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bwhiting

shader assembly if statements

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I currently write my shaders in an assembly language (Adobe's AGAL)

and so far so good, its pretty simple and quite powerful because it makes it really easy to chain shaders together etc...

but I would like to implement some if statement type logic, this is new to me and I ain't too sure how it works!

so far stuff looks like

add("ft3", "ft11, "ft2" )
mov(...
m44(..
...

that kinda stuff all pretty much linear.

anyone know how if statements should look?

i think these are the available conditionals:

"ifz";
"inz";
"ife";
"ine";
"ifg";
"ifl";
"ieg";
"iel";
"els";
"eif";
"rep";


anyone know how these should/could be used to do if statements or looping?!?!?

to be totally honest I am not sure if they are all even implemented yet but if someone can give me a heads up on how they might be used that would be great!!

thanks :D

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managed to find out a little about shader assembly and it seems that most older gpus still execute both sides of a conditional anyway.. they just reject the result somehow

hmmm

suppose you wanted to do this..

//pseudo code
if(uv.x > 0.5)
{
colour.rgb = 1;
}else{
colour.rgb = 0;
}

not really sure how you would convert that but i guess you could convert the stuff in the conditional into temps and then set either one temp or the other one to zero based on the conditional, and then add it to the colour?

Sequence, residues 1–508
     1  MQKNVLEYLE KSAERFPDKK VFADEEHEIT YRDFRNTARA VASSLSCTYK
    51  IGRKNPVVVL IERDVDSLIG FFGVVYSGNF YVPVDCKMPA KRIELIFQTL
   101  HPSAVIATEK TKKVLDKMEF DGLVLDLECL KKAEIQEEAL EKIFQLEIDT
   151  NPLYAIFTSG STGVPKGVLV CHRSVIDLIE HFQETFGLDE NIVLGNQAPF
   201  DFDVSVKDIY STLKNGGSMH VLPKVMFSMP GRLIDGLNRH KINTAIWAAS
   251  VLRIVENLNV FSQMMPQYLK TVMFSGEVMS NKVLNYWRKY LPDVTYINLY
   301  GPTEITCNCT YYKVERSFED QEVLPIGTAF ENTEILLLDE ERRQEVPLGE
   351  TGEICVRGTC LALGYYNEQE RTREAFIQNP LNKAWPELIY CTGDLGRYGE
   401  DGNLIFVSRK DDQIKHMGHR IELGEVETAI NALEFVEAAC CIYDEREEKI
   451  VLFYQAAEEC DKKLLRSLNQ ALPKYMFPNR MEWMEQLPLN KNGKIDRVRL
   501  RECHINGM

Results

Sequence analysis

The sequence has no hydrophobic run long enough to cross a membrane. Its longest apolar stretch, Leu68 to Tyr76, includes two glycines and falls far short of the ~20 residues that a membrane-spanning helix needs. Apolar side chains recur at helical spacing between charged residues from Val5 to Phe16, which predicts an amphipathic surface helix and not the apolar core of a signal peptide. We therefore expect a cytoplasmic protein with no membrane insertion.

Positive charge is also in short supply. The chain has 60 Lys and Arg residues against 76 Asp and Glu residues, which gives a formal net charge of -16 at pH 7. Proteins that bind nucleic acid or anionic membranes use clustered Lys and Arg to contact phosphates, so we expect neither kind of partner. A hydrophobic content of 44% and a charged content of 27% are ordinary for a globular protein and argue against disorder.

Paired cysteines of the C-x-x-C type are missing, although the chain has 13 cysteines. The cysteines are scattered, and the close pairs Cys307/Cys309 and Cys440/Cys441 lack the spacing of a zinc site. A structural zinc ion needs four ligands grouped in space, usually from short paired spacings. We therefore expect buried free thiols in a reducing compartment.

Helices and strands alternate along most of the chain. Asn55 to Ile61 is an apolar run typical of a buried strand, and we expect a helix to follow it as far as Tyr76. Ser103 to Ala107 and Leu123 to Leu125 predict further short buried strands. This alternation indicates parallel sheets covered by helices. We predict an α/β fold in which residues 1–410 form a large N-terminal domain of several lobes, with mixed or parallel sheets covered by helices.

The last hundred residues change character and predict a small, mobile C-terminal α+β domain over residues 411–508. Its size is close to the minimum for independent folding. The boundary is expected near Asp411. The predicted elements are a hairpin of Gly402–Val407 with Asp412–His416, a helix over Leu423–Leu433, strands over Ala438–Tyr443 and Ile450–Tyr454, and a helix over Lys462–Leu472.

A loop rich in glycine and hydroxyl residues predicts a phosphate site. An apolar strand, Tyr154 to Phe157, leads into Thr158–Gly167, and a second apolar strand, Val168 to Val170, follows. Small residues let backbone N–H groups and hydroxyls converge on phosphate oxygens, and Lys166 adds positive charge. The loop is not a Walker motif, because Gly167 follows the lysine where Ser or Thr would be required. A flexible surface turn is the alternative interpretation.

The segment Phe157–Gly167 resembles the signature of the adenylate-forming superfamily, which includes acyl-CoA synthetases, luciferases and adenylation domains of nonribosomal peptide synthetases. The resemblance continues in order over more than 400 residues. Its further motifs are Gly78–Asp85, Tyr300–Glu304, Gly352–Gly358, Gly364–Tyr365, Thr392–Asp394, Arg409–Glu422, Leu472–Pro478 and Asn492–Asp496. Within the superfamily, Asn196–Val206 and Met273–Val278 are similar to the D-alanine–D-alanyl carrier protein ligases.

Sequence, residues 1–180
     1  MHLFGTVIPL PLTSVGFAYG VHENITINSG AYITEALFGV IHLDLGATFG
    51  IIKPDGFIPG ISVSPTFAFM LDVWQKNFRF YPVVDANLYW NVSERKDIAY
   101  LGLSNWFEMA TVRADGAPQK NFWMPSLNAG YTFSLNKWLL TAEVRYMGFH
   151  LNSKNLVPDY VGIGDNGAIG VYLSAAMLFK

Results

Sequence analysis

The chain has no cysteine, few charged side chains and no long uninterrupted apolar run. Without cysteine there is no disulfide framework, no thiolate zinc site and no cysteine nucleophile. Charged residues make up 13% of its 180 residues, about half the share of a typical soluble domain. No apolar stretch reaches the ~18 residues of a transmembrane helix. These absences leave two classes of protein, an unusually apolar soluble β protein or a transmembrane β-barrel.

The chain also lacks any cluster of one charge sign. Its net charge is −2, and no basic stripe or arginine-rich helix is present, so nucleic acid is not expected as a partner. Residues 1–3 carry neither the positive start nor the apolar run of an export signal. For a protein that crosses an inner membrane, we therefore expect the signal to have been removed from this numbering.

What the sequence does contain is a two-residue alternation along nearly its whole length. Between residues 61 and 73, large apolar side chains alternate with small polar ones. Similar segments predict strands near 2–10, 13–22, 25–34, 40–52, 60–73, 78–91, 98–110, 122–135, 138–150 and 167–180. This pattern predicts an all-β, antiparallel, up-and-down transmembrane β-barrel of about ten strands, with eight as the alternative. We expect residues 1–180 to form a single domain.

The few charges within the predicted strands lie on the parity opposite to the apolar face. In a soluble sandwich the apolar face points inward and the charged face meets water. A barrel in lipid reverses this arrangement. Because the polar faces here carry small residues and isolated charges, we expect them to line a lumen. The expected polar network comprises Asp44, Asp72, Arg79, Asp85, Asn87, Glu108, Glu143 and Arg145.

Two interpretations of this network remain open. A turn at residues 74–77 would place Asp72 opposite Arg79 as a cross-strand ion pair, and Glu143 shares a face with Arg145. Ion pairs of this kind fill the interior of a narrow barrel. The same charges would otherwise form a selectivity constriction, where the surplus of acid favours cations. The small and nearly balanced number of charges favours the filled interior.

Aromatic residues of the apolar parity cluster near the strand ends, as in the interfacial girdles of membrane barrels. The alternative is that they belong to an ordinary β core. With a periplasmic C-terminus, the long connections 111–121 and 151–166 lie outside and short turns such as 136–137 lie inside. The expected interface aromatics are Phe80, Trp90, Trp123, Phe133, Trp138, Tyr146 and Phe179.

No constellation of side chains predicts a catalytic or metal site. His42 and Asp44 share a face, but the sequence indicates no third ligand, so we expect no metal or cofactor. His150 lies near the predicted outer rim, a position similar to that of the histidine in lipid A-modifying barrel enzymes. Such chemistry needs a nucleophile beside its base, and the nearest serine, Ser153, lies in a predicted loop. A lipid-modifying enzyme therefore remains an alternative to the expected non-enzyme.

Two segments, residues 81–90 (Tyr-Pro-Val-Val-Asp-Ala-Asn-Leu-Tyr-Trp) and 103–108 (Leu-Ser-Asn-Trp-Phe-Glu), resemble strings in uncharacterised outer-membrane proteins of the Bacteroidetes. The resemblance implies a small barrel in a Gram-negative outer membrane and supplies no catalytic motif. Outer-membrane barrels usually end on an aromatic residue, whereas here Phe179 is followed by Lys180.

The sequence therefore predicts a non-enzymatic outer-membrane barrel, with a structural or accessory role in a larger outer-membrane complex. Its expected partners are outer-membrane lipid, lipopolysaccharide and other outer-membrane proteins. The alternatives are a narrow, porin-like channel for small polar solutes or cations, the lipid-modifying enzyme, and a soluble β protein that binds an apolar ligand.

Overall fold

would that be how its done? huh.gif

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Probably you can just use fxc.exe to compile the shader and then look at the generated assembly?

Edit: Nevermind. Somehow thought you were talking about HLSL.

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managed to find out a little about shader assembly and it seems that most older gpus still execute both sides of a conditional anyway.. they just reject the result somehow

hmmm

suppose you wanted to do this..

//pseudo code
if(uv.x > 0.5)
{
colour.rgb = 1;
}else{
colour.rgb = 0;
}

not really sure how you would convert that but i guess you could convert the stuff in the conditional into temps and then set either one temp or the other one to zero based on the conditional, and then add it to the colour?

would that be how its done? huh.gif


From what I understand, the way it is done is that you convert it all into a mathematical expression where all but one branch is always cancelled out.

Assuming a stupid compiler, your example would become:
colour.rgb = 1 * (uv.x > 0.5) + 0 * (uv.x <= 0.5)

There are obviously lots of optimizations that can be done on this, often in general too I believe.

However, you must take care when working with shaders if they do not support actual branches, because as you might figure from the expression above... INFINITY and special values don't play nice! Meaning, you might not be able to check a value against infinity and then use it in a branch if it isn't infinity. As it will still be part of the final expression and possibly also wrongfully messing up the result. This may not be an issue in your language, but I've had this happen to a friend of mine.

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